Orr’s Lumber Yard on Green Street at the edge of Dangerstown seemed like a highly unlikely breeding ground for Greenpoint’s greatest politician, but Peter J. McGuinness, the future Alderman and Czar of Greenpoint started there. As a kid, Pete dropped out of school working on the Bowery in Manhattan to help his family and twelve siblings, but he yearned to return home to work in Greenpoint. One of the best jobs a dropout could get was working at Orr’s where Pete started work in 1908 as a stevedore and lumber handler as a twenty year old. The docks were a rough and tumble place where a man made and kept his reputation by fighting and it was common for disputes to be settled in boxing matches atop the massive woodpiles there. Sometimes boxing matches would take place on lumber barges out in Newtown Creek so that the police could not interfere.Pete had the quick hands of a champion boxer and he used them to gain renown. For a time he was actually for a time a promising middleweight, winning thirteen of his fifteen fights and drawing two, but McGuinness, despite his skill in the ring, lacked the temperament of a fighter. Pete did not enjoy hurting people preferring to help them instead, so he made the unlikely transition from the boxing ring for the political ring. With thousands of industrial jobs, but no railhead, all the goods had to be loaded and offloaded from ships giving longshoremen like McGuinness incredible clout. The longshoremen could cripple a business with a strike if they chose to, so they were relatively well paid with a strong union. Hundreds of longshoremen teemed Greenpoint’s waterfront, walking to work from Dangerstown and other areas of the neighborhood. Most of the Dockworkers were tough Irish Americans like Pete who was loud and outspoken with a charming gift for gab that along with his fists soon made him a rising figure in Lumber Handlers’ Local 955 of the International Longshoremen’s Association. In time he was known on the docks as the toughest of all the’ dock wallopers.” “You could just about say,” a Longshoremen recalled, “that Peter was the king of this here water front right down to the Navy Yard and even Irishtown and Brooklyn Bridge. He could work better than anyone, and he could lick anyone.”
Early in his life as a dockworker an incident made him famous amongst the Longshoremen and helped launch his future political career. He caught a pair of corrupt Longshoremen union delegates in the act of splitting up hard earned union dues for their own pleasure. “It was at a meeting of the local in Germania Hall,” Pete Recounted. “I was in the Gents’ Room. I was sitting down. These two delegates come in and start talking. They don’t know no one is there. I’m a son of a bitch, they’re divvying up one hundred thirty-two bucks they just took in dues. The sweat’s running down me back. I pull up me pants and go for them. I flang one of them through a glass panel door and knocked (out) the other cold. Then I marched them into the room where the Lumber Handlers was. Me and a friend made them empty their pockets on the table. They come up with a hundred and fifty. I made a motion we teach them a lesson by using the other eighteen for beer and bologna sandwiches for the whole local. Me friend seconded it, and it passed unanimous.” Before the meeting was adjourned for the beer and sandwiches, there was a purge of the Local 955 leadership, and McGuinness got the first of several promotions. He said that his fight with the delegates was one of the very few serious fights he ever had. He said,” “We had fights almost every day,’ but they were just for fun. Besides, you had to do that to become boss in them days. The others figured that if they could lick me they could be boss theirselves. Most of the time we’d fight at lunch hour or after work. Everybody’d stand around and watch. “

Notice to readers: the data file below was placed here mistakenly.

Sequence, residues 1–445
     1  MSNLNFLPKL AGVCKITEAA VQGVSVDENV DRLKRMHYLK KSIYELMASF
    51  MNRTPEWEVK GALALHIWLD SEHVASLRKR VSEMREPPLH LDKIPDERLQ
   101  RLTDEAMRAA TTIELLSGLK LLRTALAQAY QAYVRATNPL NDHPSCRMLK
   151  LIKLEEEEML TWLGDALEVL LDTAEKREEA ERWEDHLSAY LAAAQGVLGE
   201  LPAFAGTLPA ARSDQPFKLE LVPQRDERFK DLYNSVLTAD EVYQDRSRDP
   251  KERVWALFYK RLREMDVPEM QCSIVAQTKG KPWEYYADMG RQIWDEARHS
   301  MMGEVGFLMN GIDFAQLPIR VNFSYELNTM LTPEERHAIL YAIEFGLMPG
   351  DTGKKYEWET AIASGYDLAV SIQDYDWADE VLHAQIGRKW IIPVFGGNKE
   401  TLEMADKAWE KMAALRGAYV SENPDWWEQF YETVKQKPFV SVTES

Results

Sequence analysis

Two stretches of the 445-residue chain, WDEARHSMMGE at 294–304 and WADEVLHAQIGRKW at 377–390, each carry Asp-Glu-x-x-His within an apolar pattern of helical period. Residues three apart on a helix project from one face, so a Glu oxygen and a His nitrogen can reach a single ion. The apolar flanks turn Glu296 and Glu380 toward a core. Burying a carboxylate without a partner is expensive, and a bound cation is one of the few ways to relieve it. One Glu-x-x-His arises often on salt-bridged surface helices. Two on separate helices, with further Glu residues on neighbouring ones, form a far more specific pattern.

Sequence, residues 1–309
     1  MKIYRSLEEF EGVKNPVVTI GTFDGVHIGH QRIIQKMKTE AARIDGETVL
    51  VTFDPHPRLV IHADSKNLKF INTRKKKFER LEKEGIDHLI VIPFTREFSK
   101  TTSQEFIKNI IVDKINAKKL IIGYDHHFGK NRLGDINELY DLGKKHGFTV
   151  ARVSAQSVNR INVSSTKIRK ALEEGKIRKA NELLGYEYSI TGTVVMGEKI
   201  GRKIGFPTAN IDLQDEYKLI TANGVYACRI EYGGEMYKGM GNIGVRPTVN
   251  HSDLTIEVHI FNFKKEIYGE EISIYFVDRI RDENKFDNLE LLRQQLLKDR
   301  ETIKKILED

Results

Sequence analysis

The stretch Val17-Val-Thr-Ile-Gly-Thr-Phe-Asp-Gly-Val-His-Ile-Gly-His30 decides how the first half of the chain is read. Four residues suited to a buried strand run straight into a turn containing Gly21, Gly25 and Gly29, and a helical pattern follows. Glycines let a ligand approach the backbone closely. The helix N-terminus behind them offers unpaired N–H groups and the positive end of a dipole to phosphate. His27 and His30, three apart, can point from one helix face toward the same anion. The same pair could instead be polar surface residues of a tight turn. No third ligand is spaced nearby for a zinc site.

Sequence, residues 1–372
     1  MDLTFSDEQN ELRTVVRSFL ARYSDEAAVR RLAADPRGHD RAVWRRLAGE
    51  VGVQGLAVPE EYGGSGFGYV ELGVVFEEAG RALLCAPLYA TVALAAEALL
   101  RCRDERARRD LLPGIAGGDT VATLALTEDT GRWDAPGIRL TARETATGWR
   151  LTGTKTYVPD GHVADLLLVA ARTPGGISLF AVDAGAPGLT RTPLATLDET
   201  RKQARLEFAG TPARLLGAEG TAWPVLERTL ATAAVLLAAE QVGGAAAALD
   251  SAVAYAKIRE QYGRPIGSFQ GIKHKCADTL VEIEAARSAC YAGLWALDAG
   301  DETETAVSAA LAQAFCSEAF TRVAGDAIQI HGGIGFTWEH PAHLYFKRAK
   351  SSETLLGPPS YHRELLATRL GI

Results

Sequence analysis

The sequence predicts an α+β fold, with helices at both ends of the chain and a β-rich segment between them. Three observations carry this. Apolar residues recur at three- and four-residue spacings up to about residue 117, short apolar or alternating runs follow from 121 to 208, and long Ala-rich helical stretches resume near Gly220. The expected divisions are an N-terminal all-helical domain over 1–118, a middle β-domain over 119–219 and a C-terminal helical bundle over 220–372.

After the fights he practiced his orator standing on a pile of lumber and giving the longshoremen all a talk or “ a hot spiel” on the oppression of the Irish, liberty or even George Washington. The other longshoremen would say, ‘Bejesus, Peter, you’re improving every day. Pretty soon we’ll be after sending you to the Board of Aldermen ” Their words would prove prophetic. McGuinness left the Greenpoint docks briefly in 1918 to take a job as a federal lumber inspector in the south, but Pete quickly grew extremely homesick. Although the job paid well, Greenpoint was his home and he hated the south in part because his maternal Grandfather was killed by southerners in the Civil War and also because he hated the racism of the region. He said,” I don’t like that Jim Crow they got,” he says, “and I don’t like their goddam white crow no better.” McGuinness loved the ten years he spent working in Orr’s lumberyard, and he considered lumber handling as one of the pleasantest occupations he knew. He said “Working in a lumberyard is like being in a health resort all year long.” He explained “You’re out there in God’s good air all the day long, and from the smell of the different woods, you might as well be in a forest. And another thing you’re in with the most splendid people. I never knew higher-class type men than lumber handlers. “ Years later at the start of the cold war he told a group of reporters that he wished to make a suggestion on peacetime military training. “If they was to leave this conscription thing up to me he said, “I’d have the boys putting in a couple of years in lumberyards. It builds up every muscle in your body. Lumber handlers are the toughest men on earth. Bejesus, if the Russians or somebody knew they’d be up against lumber handlers, they wouldn’t start no trouble.”